I initially thought of including some international recipes in my list to pull off the difficult alphabets in the series and checked with Srivalli, the BM coordinator to see whether I can do so. There was a choice of going with a series of completely either Indian or International biryani / pulao / khichdis for this marathon but not a mix and match kind stuff from both, she confirmed. I chose to go with Indian rice dishes and so was in two minds about trying this biryani as my 'S' dish. Sindhi biryani has become a part of Pakistani cuisine since it is said to have originated in the Sindh province there.  However this dish with the Mughalai touch obviously must have originated in India centuries ago and is not a recent creation. 

This meat and potato based biryani seems to be a quite popular one in Pakistan in general and in the Sindhi community in particular which resides on both sides of the border. In fact it is so popular in Pakistan that it is served in most of the flights of 'Pakistan International Airlines'. What sets this biryani apart from the other regional versions is it being on a spicier and zesty side and also the proportion of masala to the rice used being slightly more. The usage of khatta dahi / sour tasting yogurt, generous amount of chilies and spices, mint, and tangy aloo bukhara (dried plums / prunes) are the prominent features of this biryani. The biryani is layered and cooked in dum style. I substituted soy chunks for meat and pressure cooked it for a quicker version.

Ingredients to marinate:
1/2 cup soy chunks
1/4 cup yogurt
2 tsp. mustard oil
Salt to taste
1/4 tsp. red chili powder
1/2 tsp. ginger - garlic paste
Ingredients to fry:
Oil as needed
1/2 cup thinly sliced onions
1 big potato, peeled and cubed
Other ingredients:
1 tbsp. warm milk + a pinch of saffron strands 
1/2 cup basmati rice
4 dried plums / prunes
1 tbsp. ghee / oil
1 tsp. cumin seeds / caraway seeds
2 pepper corns (optional)
1 or 2 red chilies
2 cloves
2 cardamom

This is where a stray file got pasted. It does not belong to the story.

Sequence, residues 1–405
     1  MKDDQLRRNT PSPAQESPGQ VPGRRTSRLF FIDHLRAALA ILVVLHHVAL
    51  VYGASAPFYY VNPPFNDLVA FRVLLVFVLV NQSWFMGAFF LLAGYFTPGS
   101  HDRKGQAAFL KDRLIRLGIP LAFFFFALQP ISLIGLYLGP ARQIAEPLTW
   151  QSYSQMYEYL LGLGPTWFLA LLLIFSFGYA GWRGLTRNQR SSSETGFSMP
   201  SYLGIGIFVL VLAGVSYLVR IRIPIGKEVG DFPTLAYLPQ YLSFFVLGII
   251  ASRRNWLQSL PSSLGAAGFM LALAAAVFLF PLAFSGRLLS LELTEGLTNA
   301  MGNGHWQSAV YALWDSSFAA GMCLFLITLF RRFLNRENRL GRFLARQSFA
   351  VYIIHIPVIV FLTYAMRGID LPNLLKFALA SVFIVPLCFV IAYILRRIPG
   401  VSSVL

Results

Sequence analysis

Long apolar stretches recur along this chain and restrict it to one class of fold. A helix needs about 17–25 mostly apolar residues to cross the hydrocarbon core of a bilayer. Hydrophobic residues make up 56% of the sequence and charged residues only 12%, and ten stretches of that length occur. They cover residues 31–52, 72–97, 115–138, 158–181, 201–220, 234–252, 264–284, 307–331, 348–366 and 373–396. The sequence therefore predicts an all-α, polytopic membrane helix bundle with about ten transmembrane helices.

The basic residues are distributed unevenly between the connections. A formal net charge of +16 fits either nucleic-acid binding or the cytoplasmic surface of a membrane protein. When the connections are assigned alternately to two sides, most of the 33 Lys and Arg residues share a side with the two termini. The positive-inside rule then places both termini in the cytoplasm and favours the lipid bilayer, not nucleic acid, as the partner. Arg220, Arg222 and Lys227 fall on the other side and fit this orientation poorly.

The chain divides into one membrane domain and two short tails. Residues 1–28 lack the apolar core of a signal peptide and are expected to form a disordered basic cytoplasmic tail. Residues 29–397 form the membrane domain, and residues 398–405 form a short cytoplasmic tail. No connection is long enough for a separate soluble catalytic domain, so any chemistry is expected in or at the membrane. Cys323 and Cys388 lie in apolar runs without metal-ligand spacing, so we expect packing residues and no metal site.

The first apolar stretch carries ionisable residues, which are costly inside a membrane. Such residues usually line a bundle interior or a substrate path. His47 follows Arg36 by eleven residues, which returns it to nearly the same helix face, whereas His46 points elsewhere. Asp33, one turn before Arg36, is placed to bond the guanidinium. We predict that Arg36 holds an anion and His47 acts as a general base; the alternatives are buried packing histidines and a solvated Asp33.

1 inch piece cinnamon
1 bay leaf
1/2 cup chopped onion
1 inch piece grated ginger / ginger paste
1/2 tsp. garlic paste (I didn't use any.)
1 tomato, chopped
1 green chili (or use as needed)\
1/8 tsp. turmeric powder
Chili powder if needed (I didn't use any)
2 tbsp. mint - cilantro leaves
1 and 1/4 tsp. salt or to taste
3/4 cup water

Prep work:
1. Combine all the ingredients mentioned under 'to marinate' in a bowl while doing the frying part or until they are needed. 
2. I advise against soaking dried prunes since they turn mushy when cooked. I instead chopped each into 3 or 4 pieces since they are big and added them at the end.
3. Mix warm milk and saffron in a small bowl and keep aside.

Directions:
* Heat about 1/4 cup oil in a small pan, add onion slices and fry them until golden brown. Take care not to burn them, by stirring continuously. (I did the shallow frying but they can be deep fried.) Remove the fried onions with a slotted spoon and place them on a paper towel lined plate. Potatoes can be fried for a couple of minutes or fully at this point.
* Heat 1 or 2 tbsp. oil directly in a small pressure cooker or a pan. Add cumin seeds, pepper corns, red chilies, cloves, cardamom, cinnamon and bay leaf. Saute for few seconds and add 1/2 cup chopped onion. Fry until they turn pink.
* Next add ginger - garlic paste, green chilies and saute for few seconds. Add tomatoes, turmeric, mint and cilantro leaves, chili powder if using to the pan and cook until tomatoes soften. Next add prunes, soy chunks along with the marinade, salt and rice (that is washed and drained). Saute for about a minute and add 3/4 cup water and the saffron milk. Close the lid and pressure cook for three whistles.
* If using a pan and not using a pressure cooker, then bring the mixture to a boil and close the lid. Cook on low flame until rice is cooked, for about 15 - 20 minutes and turn off the stove.

So far in my Biryani / Pulao / Khichdi series,
A - Ambur Biryani
B - Basanti Pulao / Misthi Pulao
C - Corn - Fenugreek Greens Pulao
D - Donne Biryani
E -  Ek Toap na Dal Bhaat
F - Fada ni Khichdi
G - Gutti Vankaya Biryani
H - Hyderabadi Vegetable Dum Biryani
I - Iyengar Puliyogare
J - Jaipuri Mewa Pulao
K - Kashmiri Pulao
L - Lucknowi Biryani

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Check out the Blogging Marathon page for the other Blogging Marathoners doing BM#99.